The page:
Tech Industry Apple Pay Mobile payments GDPR Valve 5G Virtual Reality Disney Space Star Wars Facebook Wi-Fi 0 Post a comment 5G is the real deal, a notion that grew even clearer this week as Sprint became the third US carrier to turn on its next-gen network. CNET put Sprint’s network to the test in Dallas and was impressed. Meanwhile, Apple is readying for its developers conference next week, which won’t be about splashy device unveilings so much as clues to hardware in the works.Here are some of the week’s other stories you don’t want to miss: Watch out, Apple Pay. Tap-to-pay cards are coming on strongThese cards could speed up how we shop and commute every day. Ben Fox Rubin/CNET Building a rocket in a garage to take on SpaceX and Blue OriginGilmour Space Technologies is a plucky startup in the new space race. Its first mission: sending a powerful hybrid rocket to the edge of space. Ian Knighton/CNET Disney’s Star Wars land review: Galaxy’s Edge from every angleEver wanted to visit a Star Wars planet or sit in the cockpit of the Millennium Falcon? This new Star Wars-themed land comes close to making those dreams a reality. Vanessa Hand Orellana/CNET Europe’s GDPR has accomplished a lot in its infancyAt just a year old, the General Data Protection Regulation has already forced big tech firms to make significant changes to their privacy policies. And its real effects are still to come. Saul Gravy/Getty Images The internet is changing Africa, mostly for the betterCheap smartphones are flooding Africa, giving many of its citizens access to the internet for the very first time. Andela Valve Index’s new VR controllers feel like the future of gamingThe most interesting feature in Valve’s new virtual reality system is how its controllers work in your hands. Sarah Tew/CNET Facebook quietly killed a map for discovering live videosSome users want the map back. Facebook screenshot by Andrew Hoyle/CNET First to 5G? For smartphone users, the race is kind of meaninglessEE is the first UK carrier to jump to 5G. But for most consumers, the upgrade just isn’t worth it yet.5G has arrived in the UK today. Jaromir Chalabala/EyeEm ‘First 10 years were very tough’: Aladdin star on being an Iranian actor in HollywoodIt hasn’t always been easy for Navid Negahban, but Amazon, YouTube and Netflix are changing Hollywood for the better, the Sultan says. Daniel Smith Share your voice Tags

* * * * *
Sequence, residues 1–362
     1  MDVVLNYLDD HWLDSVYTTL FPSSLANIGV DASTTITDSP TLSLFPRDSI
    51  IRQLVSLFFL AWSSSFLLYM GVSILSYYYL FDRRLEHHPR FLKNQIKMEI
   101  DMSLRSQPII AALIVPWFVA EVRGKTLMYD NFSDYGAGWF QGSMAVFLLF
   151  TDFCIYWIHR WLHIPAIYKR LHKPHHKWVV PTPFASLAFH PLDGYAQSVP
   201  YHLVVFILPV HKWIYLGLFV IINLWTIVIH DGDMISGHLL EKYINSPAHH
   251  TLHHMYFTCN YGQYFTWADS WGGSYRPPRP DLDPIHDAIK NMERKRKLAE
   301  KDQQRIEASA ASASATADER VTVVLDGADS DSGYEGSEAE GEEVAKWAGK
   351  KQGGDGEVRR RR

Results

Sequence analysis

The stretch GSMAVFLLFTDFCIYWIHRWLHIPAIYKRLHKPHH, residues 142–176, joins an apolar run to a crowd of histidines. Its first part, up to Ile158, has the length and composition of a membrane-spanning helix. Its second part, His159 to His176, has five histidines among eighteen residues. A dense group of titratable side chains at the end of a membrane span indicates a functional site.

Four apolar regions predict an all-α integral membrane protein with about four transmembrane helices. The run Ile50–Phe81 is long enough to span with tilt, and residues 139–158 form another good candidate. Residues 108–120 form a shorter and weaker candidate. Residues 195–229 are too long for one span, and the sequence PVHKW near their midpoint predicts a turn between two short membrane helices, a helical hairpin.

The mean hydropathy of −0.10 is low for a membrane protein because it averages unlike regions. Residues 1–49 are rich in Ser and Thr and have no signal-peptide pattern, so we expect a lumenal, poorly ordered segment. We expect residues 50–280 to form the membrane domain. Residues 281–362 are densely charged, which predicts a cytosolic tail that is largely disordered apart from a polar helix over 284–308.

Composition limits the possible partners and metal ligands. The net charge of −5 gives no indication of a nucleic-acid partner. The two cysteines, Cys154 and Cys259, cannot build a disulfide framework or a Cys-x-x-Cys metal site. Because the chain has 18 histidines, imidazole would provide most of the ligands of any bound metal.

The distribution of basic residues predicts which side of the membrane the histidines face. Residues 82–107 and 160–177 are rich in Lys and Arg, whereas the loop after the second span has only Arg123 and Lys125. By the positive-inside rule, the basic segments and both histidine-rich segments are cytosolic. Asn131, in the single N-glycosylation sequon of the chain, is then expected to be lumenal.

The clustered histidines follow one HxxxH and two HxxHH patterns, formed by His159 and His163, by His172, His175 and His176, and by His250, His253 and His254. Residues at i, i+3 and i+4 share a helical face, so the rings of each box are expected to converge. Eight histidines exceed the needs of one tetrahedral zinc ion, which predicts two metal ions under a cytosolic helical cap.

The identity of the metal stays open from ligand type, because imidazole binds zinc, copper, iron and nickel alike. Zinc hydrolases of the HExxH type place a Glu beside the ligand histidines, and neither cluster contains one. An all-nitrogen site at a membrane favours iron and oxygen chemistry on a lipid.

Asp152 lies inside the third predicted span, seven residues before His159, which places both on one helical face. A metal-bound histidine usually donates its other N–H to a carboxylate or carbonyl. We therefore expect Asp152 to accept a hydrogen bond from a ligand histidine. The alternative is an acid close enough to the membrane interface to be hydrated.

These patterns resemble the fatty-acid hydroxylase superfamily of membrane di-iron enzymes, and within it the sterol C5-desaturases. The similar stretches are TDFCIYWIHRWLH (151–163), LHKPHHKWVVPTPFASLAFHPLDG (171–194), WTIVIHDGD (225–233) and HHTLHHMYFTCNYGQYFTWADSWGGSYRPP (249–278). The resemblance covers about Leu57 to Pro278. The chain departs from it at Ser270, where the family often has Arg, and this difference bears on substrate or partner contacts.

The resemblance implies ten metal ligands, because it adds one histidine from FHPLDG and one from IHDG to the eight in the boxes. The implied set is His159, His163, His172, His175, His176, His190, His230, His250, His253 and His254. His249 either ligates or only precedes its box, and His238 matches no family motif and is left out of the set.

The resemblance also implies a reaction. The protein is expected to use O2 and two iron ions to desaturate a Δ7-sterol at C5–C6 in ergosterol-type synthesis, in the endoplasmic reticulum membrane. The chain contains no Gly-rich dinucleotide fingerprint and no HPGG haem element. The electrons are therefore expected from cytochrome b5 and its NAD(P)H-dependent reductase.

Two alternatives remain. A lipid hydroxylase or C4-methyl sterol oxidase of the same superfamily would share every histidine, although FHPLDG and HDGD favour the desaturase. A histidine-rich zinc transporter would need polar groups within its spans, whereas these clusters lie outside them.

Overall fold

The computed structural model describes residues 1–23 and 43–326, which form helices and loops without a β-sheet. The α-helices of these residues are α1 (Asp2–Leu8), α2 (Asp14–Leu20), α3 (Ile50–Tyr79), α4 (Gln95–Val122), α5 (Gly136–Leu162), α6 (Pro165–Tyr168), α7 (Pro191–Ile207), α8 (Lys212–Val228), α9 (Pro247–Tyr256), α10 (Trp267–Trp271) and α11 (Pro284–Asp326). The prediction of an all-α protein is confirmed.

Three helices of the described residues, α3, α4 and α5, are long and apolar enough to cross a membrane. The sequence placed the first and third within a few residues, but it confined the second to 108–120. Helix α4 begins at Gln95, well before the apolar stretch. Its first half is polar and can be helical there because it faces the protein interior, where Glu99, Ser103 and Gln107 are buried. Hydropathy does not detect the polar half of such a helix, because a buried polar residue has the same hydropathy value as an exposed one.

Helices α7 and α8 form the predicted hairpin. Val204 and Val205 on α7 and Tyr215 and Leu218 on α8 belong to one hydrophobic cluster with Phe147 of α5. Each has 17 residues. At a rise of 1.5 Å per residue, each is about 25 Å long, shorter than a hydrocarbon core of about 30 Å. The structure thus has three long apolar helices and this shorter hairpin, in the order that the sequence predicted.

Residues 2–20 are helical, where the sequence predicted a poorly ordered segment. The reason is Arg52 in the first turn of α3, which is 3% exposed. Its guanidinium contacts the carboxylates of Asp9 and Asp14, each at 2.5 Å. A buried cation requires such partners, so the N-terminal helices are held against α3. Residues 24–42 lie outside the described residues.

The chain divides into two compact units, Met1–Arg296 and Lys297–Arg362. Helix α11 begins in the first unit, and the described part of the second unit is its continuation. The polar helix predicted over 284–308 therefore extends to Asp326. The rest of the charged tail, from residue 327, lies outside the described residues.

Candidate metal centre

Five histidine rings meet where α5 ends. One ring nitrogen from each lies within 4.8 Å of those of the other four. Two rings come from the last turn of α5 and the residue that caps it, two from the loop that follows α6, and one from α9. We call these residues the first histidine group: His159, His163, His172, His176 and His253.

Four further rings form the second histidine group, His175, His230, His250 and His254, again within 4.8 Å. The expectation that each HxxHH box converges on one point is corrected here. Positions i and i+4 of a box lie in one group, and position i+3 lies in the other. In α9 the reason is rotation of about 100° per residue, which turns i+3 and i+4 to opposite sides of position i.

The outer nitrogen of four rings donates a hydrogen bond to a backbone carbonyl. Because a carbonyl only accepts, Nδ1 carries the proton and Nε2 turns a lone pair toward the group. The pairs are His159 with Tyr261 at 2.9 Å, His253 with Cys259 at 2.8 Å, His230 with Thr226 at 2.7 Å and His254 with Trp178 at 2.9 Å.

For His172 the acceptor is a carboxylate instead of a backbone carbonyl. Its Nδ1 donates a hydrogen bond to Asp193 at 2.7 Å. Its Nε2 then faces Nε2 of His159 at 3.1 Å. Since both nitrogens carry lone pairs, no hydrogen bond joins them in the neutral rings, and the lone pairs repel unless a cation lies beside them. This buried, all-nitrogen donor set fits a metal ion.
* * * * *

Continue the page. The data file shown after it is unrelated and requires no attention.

PM Modi won a massive mandate in the general election that ended this month after focusing his campaign on national security.ReutersPrime Minister Narendra Modi will take his oath of office on Thursday along with his ministers, though he suffered a setback at the start of his second term when key aide and finance minister Arun Jaitley opted out of the next government.The swearing-in ceremony at the forecourt of the colonial-era presidential palace Rashtrapati Bhawan will be attended by thousands of guests including Bollywood stars and leaders of neighbours including Bangladesh and Sri Lanka.PM Modi won a massive mandate in the general election that ended this month after focusing his campaign on national security, as tension with old rival Pakistan shot up over a deadly militant attack on security forces in the disputed region of Kashmir.Pakistan was not invited to the inauguration.India is proud of all those brave men and women martyred in the line of duty, PM Modi said after visiting a war memorial near parliament on Thursday. Our government will leave no stone unturned to safeguard India’s unity and integrity. National security is our priority.Many ministers who are also senior members of the ruling alliance are expected to keep their place in the government. But changes in their departments are likely, especially after Arun Jaitley wrote to PM Modi on Wednesday asking to be kept out due to health reasons.Narendra Modi and the chief of Bharatiya Janata Party (BJP), Amit Shah, could also promote many fresh faces to reward good electoral performance, mainly in the east of the country where they have traditionally been weak.Amit Shah himself is tipped to take up a role in the government, though some political analysts say he could stay on as BJP president to steer the party towards a majority in the upper house of parliament after dominating the lower house.Nearly 8,000 people, including leaders of the decimated opposition bloc, are expected to attend the ceremony that will fete the incredible rise of 68-year-old Modi, the son of a tea seller.The BJP now controls 303 of the 545 seats in the lower house of parliament, paving the way for Modi to possibly attempt controversial land and labour reforms amid concerns that Asia’s third-largest economy is faltering.This week, two major industrial bodies called on the new government to urgently take steps to bolster the economy, which grew 6.6 per cent in the three months to December — the slowest pace in five quarters.PM Modi pushed through important reforms such as a unified goods and services tax and bankruptcy law in his first five years in power but faced flak for failing to create enough jobs for millions of people seeking employment, rising farm distress and lacklustre economic growth. India’s main opposition Congress party, meanwhile, is fighting to stay relevant after being overwhelmed in two straight general elections.Its president, Rahul Gandhi, has offered to resign and on Thursday, the party said it would not send its spokespeople on television debates for a month as it analyses its latest defeat.